Geneva (AFP) - More than one million migrants and refugees reached Europe this year, including over 970,000 who made the dangerous journey across the Mediterranean, the UN refugee agency said Tuesday.
About half were Syrians fleeing the country's brutal civil war, according to the new figures released by the UNHCR and the International Organization for Migration.
"The number of people displaced by war and conflict is the highest seen in Western and Central Europe since the 1990s," the UNHCR said, referring to the conflicts in the former Yugoslavia that decade.
A total of 3,692 migrants died or disappeared crossing the Mediterranean sea this year, IOM said.
The figures were released as Turkey's state-run Anatolia news agency reported that 11 more people, including three children, drowned in the Aegean Sea, underscoring the grave risks taken by those striving to reach Europe.
Greece was by far the leading landing spot for migrants to Europe this year, with 821,008 arrivals, including 816,752 by sea.
At certain points over the last 12 months upwards of 5,000 people were landing in the Greek islands each day.
But the rate of arrivals in Greece has eased slightly since November, partly due to increased maritime patrols by Turkey and partly because of colder weather.
Overall, sea arrivals this year dwarfed those of 2014, when the UNHCR recorded 219,000 migrant landings in Europe via the Mediterranean.
The UN has previously said it sees no let up in the coming months and that the number of migrants who reach Europe in 2016 could exceed the 2015 figures, especially if relentless violence in Syria persists.
"We know Syrians will go on trying to reach Europe until there is a fundamental change in the factors that are pushing them to leave," UNHCR chief Antonio Guterres told the UN security council on Monday.
Guterres said there was need for a "New Deal" between the international community, especially Europe, and Syria's neighbours who have born the brunt of the refugee influx caused by the civil war.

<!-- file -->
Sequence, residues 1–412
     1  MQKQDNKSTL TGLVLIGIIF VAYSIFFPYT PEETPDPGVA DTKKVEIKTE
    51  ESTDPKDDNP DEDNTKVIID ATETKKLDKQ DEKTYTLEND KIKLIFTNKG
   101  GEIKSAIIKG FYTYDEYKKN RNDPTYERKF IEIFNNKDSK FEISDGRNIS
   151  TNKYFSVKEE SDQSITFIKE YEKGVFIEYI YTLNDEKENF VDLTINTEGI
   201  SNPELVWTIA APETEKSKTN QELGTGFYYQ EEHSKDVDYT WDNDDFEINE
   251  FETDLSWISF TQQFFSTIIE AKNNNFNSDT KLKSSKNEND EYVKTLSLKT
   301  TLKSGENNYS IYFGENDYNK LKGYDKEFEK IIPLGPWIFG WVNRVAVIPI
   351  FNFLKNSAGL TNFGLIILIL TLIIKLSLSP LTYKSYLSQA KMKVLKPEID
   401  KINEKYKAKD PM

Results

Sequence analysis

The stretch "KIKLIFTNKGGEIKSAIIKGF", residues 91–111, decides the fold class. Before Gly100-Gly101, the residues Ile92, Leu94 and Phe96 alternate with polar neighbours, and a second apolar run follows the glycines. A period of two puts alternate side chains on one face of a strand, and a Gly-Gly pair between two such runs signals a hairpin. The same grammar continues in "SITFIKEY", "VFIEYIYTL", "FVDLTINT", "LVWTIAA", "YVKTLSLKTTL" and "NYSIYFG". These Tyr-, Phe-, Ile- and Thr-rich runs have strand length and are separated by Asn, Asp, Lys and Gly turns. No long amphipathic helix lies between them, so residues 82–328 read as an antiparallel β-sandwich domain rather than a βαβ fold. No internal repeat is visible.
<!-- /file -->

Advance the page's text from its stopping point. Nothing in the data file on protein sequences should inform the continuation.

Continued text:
- Migration 'inevitable' -
Afghans made up 20 percent of migrant arrivals in Europe, while seven percent were Iraqis.
After Greece, Italy received the second highest number of migrants, with 150,317 people reaching its territory this year, all by sea.
This marked a slight decline from 2014, when 170,000 people landed in Italy after crossing the Mediterranean from North Africa.
Rounding out the list of European countries that saw migrant arrivals in 2015 was Bulgaria (29,959), Spain (3,845), Cyprus (269) and Malta (106).
"We know migration is inevitable, it's necessary and it's desirable," said IOM chief William Lacy Swing,
"But it's not enough to count the number of those arriving... We must also act," he added, calling for "legal, safe and secure" migration for those forced to leave their home country.
Reflecting on the last 12 months, the UNHCR criticised the "initial chaotic reaction" in parts of Europe to the flood of migrants, but applauded signs that a more coordinated response was now emerging.
But a unified EU positon remains elusive, with Hungary and Slovakia having made threats of legal action against the bloc's controversial plan to distribute 160,000 refugees across member states.